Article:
(749b) Forcefield_Ptm and Forcefield_Ncaa: Platforms for Simulating Modified Amino Acids in AMBER That Can Reproduce Experimental Thermodynamic Properties

Khoury, G., Princeton University
Tamamis, P., Texas A&M University
Smadbeck, J., Princeton University
Kieslich, C. A., Texas A&M University
Bhatia, N., Princeton University
Floudas, C. A., Princeton University

We describe the development and testing of two new ab initio derived atomistic forcefields, Forcefield_PTM1 for post-translational modifications and Forcefield_NCAA2 for unnatural/non-canonical amino acids for the AMBER (http://ambermd.org) molecular dynamics suite of tools. The parameters were made to be compatible with the AMBER forcefield ff033. Forcefield_PTM addresses the most frequently occurring post-translational modifications in nature4, and Forcefield_NCAA addresses 147 commercially available and potentially druggable non-canonical amino acids including β- and N-methylated amino acids. The developed parameter libraries include charge parameters calculated using the RESP fitting approach5 and torsion parameters optimized to enable the modeling, simulation, and design of modified protein structures in combination with AMBER ff033. The charges were optimized using the B3LYP/cc-pVTZ//HF/6-31G** level of theory. The forcefields have been optimized to reproduce the quantum mechanically calculated electrostatic and torsion potential energies along key barriers.

Although the forcefields have been trained to reproduce quantum chemically calculated electrostatic potentials and energies, they have been tested on multiple orthogonal experimental metrics including binding free energies of BCL9/Beta-catenin inhibitors6, hydration free energies of side-chain analogs7, and to separate active/inactive inhibitors of Complement activation based on IC50 values to high accuracy. The forcefield can rank binding free energies with an R2 of 0.76, separate active/inactive inhibitors of Compstatin to 80% accuracy, and rank hydration free energies of non-canonical amino acid side-chain analogs with an RMS of 2.53 and MAE of 2.10 kcal/mol and an R2 of 0.68. They have additionally been used in conjunction with replica-exchange to fold a post-translationally modified protein from scratch. The forcefields are now actively being used to design new inhibitors of HIV8 and improper Complement activation9 with some recent success.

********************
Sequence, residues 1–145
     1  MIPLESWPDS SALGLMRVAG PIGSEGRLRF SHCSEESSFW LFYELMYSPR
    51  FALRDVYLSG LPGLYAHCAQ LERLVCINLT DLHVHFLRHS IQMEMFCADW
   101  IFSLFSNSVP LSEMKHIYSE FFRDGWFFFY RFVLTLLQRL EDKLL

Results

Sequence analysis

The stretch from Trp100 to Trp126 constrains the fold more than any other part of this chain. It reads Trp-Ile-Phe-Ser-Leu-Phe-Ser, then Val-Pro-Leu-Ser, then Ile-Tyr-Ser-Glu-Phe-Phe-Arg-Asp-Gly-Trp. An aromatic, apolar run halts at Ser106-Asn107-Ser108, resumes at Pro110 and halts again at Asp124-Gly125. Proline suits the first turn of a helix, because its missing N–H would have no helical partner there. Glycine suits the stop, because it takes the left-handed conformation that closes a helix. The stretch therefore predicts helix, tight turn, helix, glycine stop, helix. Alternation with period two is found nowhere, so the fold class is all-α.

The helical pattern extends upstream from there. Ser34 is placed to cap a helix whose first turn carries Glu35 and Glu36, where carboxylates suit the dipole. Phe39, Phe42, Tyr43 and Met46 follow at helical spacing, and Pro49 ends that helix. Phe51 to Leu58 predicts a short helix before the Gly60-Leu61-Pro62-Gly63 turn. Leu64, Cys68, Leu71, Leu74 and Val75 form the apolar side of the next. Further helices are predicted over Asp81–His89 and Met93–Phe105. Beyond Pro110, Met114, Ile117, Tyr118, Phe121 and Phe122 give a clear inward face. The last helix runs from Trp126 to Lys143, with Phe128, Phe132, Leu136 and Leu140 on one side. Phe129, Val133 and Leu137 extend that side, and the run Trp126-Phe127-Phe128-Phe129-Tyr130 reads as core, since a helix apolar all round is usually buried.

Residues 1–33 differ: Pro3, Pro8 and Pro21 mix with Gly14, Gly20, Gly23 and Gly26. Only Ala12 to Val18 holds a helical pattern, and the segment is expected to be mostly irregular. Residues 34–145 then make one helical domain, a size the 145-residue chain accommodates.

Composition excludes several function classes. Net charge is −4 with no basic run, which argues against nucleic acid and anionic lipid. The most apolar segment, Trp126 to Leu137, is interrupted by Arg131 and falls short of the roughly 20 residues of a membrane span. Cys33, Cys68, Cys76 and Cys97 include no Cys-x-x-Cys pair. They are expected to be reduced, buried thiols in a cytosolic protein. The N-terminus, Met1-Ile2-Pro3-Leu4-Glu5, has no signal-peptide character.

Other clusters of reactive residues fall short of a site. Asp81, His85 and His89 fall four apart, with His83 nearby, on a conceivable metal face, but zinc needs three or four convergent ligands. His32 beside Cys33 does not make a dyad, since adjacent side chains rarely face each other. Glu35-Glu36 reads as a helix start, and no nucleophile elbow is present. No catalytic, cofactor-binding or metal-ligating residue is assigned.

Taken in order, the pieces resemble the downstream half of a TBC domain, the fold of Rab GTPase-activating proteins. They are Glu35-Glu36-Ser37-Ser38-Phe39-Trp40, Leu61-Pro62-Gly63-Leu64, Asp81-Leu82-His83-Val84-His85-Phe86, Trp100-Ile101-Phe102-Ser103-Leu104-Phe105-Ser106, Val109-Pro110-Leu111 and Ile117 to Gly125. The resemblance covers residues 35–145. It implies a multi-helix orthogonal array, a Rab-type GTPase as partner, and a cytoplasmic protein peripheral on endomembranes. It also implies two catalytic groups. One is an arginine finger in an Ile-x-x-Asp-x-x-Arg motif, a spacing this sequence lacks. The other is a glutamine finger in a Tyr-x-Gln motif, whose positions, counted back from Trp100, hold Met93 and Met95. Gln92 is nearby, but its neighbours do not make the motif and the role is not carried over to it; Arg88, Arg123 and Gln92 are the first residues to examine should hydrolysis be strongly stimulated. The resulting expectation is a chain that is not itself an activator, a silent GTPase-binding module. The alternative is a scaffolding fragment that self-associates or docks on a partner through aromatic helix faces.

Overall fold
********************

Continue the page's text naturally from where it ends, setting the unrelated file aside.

The parameters are freely available to academic researchers at http://selene.princeton.edu/FFPTM and http://selene.princeton.edu/FFNCAA to aid in studying their own systems complete with an interactive web interface to introduce modified amino acids into proteins. We describe the development, challenges, validations, and applications of our forcefields and the plans for their future development. The forcefields allow one to incorporate customized amino acids site-specifically into design applications with control over size, length, shape, and electrostatic properties.



1.         Khoury GA, Thompson JP, Smadbeck J, Kieslich CA, Floudas CA. Forcefield_PTM: Ab Initio Charge and AMBER Forcefield Parameters for Frequently Occurring Post-Translational Modifications. J Chem Theory Comput 2013;9(12):5653-5674.

2.         Khoury GA, Smadbeck J, Tamamis P, Vandris AC, Kieslich CA, Floudas CA. Forcefield_NCAA: Ab Initio Charge Parameters to Aid in the Discovery and Design of Proteins and Peptides with Unnatural Amino Acids and Their Application to Complement Inhibitors of the Compstatin Family. ACS Synthetic Biology 2013(In Press):DOI:10.1021/sb400168u.

3.         Duan Y, Wu C, Chowdhury S, Lee MC, Xiong G, Zhang W, Yang R, Cieplak P, Luo R, Lee T, Caldwell J, Wang J, Kollman P. A point-charge force field for molecular mechanics simulations of proteins based on condensed-phase quantum mechanical calculations. J Comput Chem 2003;24(16):1999-2012.

4.         Khoury GA, Baliban RC, Floudas CA. Proteome-wide post-translational modification statistics: frequency analysis and curation of the swiss-prot database. Scientific Reports 2011;1(90).

5.         Bayly CI, Cieplak P, Cornell W, Kollman PA. A well-behaved electrostatic potential based method using charge restraints for deriving atomic charges: the RESP model. The Journal of Physical Chemistry 1993;97(40):10269-10280.

6.         Kawamoto SA, Thompson AD, Coleska A, Nikolovska-Coleska Z, Yi H, Wang S. Analysis of the interaction of BCL9 with beta-catenin and development of fluorescence polarization and surface plasmon resonance binding assays for this interaction. Biochemistry (Mosc) 2009;48(40):9534-9541.

7.         Khoury GA, Bhatia N, Floudas CA. Hydration free energies calculated using the AMBER ff03 charge model for natural and unnatural amino acids and multiple water models. Submitted 2014.

8.         Khoury GA, Tamamis P, Smadbeck J, Szekely Z, Sinko PJ, Floudas CA. Rational Computational and Experimental Design of Peptides Targeting HIV-gp41 with Non-canonical and Cross-linked Amino Acids and Insights into their Mechanism of Inhibition In Preparation 2014.

9.         Floudas CA, Khoury GA, Smadbeck J; The Trustees of Princeton University, assignee. Computational Framework and Parameters for the Discovery of Therapeutic Proteins and Peptides with Post-Translational Modifications and Non-Canonical Amino Acids. United States of America. 2013 May 17, 2013.